It’s the surprises inherent in mural work that he loves — the imprecision, the need to be distant to fully grasp it. “I love my murals being very messy up close, like they’re just splatters of paint and weird lines,” he said. “Then when you step back, you see the creases in their skin, the sparkles in their eyes. You can’t really get that across on a canvas.”
Black man with a paint can
Despite its many advantages, though, mural work carries associations that can be troublesome. There’s the lack of clarity over what walls can legally be painted with a mural. Then there’s the debate over whether graffiti is art or vandalism. Murals frequently reference society’s ills, which can cause controversy. And, in Rock’s case, there’s the simple matter of being a Black man in a parking lot holding a can of spray paint.
In summer of 2020, Rock came face to face with all of these concerns when he produced what could arguably be called his most-recognized, most-controversial work to date.
Following the death of George Floyd, as Black Lives Matters protests took place around the country, rioters hit the streets of downtown Reno, smashing doors and windows, spray painting buildings and setting fires. After the considerable damage done to Reno’s City Hall building, plywood and temporary metal railings became its battle scars. Rock reached out to his longtime friend, Reno Mayor Hillary Schieve. “I was like, ‘Hey, if you guys want me to paint over any of this with a good message, something to get behind everything that’s going on, let’s do that.’” He explained that, in many larger cities such as Austin and Miami, boarded-up windows had become a popular canvas for muralists, turning blight into art.
It took some time for the City to come around to his proposal, and when it did, he back-burnered another commission for the opportunity. But he had conditions.
“I said right from the beginning what I wanted to do,” he recalled. “I was like, ‘I’m not going to paint a butterfly on the wall. I want to paint something relevant. I want to paint a fist. I want to paint Colin Kaepernick.’ And they agreed from the beginning … but then more people started getting involved and didn’t like it.”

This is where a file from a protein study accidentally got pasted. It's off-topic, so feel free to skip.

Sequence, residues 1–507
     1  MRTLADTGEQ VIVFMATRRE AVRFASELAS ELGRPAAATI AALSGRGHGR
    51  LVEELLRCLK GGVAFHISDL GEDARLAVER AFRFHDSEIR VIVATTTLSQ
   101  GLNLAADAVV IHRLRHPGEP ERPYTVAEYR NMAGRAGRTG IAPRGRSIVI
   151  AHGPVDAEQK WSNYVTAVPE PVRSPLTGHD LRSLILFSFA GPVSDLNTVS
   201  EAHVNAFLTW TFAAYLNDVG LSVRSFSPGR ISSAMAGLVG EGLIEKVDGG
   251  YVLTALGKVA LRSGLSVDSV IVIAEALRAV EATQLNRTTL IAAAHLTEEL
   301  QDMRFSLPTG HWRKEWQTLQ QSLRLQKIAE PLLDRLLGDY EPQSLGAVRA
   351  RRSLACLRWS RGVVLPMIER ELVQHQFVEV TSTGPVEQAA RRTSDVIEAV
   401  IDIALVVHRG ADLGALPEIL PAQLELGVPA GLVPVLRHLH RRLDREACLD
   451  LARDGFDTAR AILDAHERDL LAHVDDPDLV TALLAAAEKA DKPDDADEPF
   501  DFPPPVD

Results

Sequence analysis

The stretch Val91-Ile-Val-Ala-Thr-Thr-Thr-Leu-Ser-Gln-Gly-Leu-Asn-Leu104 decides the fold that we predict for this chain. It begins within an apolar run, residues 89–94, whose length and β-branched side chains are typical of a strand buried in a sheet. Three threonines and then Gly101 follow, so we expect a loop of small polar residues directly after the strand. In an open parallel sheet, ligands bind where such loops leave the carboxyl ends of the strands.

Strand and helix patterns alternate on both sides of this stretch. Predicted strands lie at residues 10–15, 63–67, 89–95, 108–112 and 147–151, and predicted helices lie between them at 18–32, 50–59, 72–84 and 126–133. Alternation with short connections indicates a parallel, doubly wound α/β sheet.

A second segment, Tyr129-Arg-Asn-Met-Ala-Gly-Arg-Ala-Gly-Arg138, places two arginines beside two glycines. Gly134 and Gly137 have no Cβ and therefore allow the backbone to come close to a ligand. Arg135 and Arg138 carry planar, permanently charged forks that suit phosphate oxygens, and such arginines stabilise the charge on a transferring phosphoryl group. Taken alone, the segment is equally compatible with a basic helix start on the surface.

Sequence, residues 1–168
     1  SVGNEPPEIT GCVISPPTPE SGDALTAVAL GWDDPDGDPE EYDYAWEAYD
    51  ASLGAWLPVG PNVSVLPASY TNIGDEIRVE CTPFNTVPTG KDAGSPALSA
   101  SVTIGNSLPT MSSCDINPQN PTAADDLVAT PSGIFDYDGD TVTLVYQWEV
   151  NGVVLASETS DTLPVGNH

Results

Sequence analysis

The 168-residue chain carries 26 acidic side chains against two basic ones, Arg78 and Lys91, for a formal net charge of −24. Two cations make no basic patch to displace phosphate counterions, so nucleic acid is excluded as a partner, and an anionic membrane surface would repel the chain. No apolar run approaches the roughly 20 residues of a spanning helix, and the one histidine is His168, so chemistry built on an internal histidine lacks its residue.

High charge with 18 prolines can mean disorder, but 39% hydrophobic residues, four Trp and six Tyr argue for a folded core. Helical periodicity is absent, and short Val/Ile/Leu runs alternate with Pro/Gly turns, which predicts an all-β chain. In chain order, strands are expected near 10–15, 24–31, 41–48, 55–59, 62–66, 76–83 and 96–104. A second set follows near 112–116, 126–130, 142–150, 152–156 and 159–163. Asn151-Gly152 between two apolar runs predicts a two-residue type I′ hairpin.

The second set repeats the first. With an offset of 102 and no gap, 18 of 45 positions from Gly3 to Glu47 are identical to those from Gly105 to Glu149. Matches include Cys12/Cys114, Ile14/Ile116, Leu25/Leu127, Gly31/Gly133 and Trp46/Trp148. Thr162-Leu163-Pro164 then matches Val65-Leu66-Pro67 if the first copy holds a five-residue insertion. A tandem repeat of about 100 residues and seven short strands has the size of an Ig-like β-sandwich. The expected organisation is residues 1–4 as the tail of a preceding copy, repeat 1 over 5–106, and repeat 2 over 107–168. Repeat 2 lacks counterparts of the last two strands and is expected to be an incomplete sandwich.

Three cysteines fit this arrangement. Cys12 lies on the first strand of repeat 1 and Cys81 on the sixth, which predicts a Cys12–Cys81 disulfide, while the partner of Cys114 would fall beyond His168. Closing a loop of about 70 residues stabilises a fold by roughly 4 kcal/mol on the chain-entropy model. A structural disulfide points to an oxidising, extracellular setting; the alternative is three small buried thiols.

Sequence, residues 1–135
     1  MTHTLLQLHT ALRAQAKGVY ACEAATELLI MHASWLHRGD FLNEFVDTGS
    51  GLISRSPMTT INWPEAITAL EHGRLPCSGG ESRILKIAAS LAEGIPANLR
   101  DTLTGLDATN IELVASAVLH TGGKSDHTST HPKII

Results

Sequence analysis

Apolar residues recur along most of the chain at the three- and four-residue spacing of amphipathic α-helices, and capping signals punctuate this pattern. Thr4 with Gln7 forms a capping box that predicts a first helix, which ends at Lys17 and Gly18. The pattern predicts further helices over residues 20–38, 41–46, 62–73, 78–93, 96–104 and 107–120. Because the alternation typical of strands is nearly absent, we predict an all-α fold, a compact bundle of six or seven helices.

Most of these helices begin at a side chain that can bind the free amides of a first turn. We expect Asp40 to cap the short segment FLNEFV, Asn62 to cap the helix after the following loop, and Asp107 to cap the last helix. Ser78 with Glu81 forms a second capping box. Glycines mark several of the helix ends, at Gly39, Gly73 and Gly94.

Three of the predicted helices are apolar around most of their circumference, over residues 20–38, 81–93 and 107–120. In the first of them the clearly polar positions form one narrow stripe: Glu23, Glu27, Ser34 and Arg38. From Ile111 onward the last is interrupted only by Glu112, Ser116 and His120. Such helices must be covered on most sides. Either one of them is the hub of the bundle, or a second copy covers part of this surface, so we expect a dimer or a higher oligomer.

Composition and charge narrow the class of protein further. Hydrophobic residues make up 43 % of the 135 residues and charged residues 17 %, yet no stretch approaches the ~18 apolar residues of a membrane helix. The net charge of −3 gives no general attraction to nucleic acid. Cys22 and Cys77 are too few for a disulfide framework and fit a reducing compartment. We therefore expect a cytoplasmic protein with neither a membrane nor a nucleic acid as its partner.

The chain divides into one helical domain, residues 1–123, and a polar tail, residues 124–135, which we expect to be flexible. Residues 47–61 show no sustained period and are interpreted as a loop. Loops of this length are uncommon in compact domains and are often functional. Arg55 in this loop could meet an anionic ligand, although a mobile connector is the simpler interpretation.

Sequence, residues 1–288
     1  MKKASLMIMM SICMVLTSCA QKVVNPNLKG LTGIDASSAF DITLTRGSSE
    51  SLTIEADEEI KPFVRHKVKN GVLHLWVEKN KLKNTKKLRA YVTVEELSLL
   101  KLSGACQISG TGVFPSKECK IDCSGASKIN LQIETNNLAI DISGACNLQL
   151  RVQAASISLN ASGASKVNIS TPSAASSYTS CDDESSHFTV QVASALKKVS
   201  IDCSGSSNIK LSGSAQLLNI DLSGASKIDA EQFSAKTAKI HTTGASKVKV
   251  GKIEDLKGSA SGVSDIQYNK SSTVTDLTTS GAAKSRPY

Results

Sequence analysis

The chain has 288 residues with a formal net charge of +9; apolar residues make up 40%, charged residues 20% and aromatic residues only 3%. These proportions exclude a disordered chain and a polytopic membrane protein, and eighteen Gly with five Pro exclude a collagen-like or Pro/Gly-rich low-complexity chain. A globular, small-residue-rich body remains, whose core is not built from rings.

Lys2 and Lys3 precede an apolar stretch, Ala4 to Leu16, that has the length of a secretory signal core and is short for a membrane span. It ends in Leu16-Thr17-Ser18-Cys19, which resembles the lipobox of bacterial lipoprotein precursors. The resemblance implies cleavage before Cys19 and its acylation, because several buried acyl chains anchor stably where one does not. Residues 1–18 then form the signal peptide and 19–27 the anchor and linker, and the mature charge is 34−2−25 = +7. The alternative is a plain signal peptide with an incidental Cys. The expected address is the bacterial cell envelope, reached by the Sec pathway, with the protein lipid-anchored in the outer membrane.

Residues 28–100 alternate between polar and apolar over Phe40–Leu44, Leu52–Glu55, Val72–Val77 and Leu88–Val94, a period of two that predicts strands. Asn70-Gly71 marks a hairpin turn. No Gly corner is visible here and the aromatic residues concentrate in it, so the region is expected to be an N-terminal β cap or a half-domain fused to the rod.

Before long, his sketches were given to the police, who opposed the images, which included a version of NWA’s memorable “Fuck tha Police” album cover, with “BLM” replacing “NWA” and the group members’ names replaced with BLM touchstones Alton Sterling and Eric Garner, among others. “I was trying to paint something for the people it mattered to, but the whole thing got blown out of proportion,” he said. “I got cease-and-desist letters. I was told I was painting negative and inappropriate artwork. I got hassled by the police like 10 times. I was harassed by people every day, coming up and telling me, ‘All lives matter.’”
The final array of images came together to spell out “Unity,” a message quite different from that he received from some members of the community, which brought the reasons for the protests and riots into sharp relief for Rock. “I knew what was going on,” he said. “I knew I was a young Black man with gold teeth and tattoos all over me, who paints graffiti and street art. I knew how people saw me in that situation.”
Though he received only a fraction of the payment he would usually receive for a mural of this size, he managed to negotiate for ownership of the work after it was taken down, which was only a few weeks later. But though some of the most vocal feedback he received was negative, many others were moved by the work and responded positively. Rock has since displayed the plywood mural during the Sierra Arts show and feels proud of the work and its message.
“This was something that was historic, something that I put my heart and soul into because I thought it would heal the community and bring it together,” he said.
Photos: Kris Vagner
Joe C. Rock’s murals are visible all over Reno, on Instagram, and on the artist’s website. @joecrock13 or his website. You can also learn more about his work on one of Art Spot Reno’s mural tours on the second Saturday of each month.This article was funded by a City of Reno CARES Act grant and produced by Double Scoop and the Sierra Nevada Ally. Together, these news outlets are working to increase the amount of quality local arts and culture journalism.